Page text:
Jakob Windisch has written THE number one bestselling novel. Since he is very shy, no-one has seen him except Uhu Zigeuner who is the designated director of the film adaption. Zigeuner is ... See full summary »
In October 1989, the part of the West Berlin borough of Kreuzberg called SO 36, had been largely shut off by the Wall from the rest of the city for 28 years. A lethargic sub-culture of ... See full summary »
Abahachi, Chief of the Apache Indians, and his blood brother Ranger maintain peace and justice in the Wild West. One day, Abahachi needs to take up a credit from the Shoshone Indians to ... See full summary »
I saw this film when I was in Frankfurt. I had seen trailers for it, but I had no real idea what it was going to be about. The film sometimes seem to move too quickly or too slowly, but it tells the story it sets out to tell, and does so really well. It is a strange film, in the way that German films can be strange (I mean this as no bad thing, Goodbye Lenin, or more appropriately Run, Lola, Run.).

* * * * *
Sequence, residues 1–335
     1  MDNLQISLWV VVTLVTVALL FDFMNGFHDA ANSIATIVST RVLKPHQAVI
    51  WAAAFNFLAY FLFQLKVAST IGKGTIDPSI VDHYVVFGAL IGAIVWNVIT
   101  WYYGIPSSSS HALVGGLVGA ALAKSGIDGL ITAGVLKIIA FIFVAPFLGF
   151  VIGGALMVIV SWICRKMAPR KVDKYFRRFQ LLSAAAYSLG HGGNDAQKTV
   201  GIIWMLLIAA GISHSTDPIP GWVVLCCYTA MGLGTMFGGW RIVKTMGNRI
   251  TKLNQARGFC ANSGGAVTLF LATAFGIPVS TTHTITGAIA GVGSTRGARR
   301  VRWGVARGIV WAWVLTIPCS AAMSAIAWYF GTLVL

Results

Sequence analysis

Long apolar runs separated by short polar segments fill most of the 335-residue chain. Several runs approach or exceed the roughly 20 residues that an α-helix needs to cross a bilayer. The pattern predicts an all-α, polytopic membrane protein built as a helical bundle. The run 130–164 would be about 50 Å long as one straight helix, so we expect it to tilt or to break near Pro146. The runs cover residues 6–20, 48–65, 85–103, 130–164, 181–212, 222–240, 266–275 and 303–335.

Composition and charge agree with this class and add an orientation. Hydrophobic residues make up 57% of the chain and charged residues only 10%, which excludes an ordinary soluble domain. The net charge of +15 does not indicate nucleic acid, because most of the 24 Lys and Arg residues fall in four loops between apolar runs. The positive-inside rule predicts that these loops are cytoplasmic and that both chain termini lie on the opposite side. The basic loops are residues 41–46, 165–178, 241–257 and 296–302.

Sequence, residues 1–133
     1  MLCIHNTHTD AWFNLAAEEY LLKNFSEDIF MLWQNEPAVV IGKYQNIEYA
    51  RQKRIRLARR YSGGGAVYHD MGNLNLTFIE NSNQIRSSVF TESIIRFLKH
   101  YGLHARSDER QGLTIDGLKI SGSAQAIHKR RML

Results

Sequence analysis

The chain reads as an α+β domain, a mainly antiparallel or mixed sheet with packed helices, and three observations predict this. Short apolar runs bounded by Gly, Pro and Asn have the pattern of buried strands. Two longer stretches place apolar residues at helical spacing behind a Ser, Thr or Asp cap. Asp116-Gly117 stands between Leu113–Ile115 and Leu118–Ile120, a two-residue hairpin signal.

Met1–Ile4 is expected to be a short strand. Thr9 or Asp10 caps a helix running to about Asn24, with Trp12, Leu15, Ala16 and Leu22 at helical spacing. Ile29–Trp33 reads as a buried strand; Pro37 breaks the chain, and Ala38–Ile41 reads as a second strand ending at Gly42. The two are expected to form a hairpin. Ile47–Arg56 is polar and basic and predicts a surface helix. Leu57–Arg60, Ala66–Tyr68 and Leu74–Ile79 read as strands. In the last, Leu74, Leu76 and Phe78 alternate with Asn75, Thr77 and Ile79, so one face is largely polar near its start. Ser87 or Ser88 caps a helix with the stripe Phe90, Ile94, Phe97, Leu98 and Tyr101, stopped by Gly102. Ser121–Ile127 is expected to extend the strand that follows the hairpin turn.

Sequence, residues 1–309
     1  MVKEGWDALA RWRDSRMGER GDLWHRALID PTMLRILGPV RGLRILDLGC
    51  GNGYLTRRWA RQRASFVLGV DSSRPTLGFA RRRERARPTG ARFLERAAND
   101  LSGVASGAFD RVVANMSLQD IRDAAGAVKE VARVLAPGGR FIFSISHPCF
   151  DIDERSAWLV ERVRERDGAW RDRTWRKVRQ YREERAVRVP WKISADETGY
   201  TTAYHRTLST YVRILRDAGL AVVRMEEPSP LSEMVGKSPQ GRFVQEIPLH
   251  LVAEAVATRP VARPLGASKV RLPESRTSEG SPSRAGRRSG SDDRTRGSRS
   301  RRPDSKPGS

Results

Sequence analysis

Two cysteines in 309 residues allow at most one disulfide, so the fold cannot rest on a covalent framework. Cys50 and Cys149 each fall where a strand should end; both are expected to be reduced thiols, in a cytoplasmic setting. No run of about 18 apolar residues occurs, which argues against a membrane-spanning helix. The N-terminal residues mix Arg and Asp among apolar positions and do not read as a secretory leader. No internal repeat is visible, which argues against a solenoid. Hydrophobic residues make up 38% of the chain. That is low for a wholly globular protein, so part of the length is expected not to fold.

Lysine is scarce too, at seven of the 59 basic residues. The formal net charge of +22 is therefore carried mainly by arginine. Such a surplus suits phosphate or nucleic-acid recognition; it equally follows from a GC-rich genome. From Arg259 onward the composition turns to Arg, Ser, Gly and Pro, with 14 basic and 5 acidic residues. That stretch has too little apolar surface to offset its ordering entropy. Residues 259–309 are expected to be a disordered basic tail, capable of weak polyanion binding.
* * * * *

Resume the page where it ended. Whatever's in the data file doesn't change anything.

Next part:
There are many recurring ideas and images in the film, which is something I alway appreciate. Despite the difficulties I had understanding the language, I understood the story, many of the jokes, and the characters' relationships to each other.
The music, the setting, the mythology used and the "twist at the end" (I didn't see it coming because I am not particularly familiar with the myths used) left me breathless. I also walked back into see it again. (But I had neither the time nor the money.)
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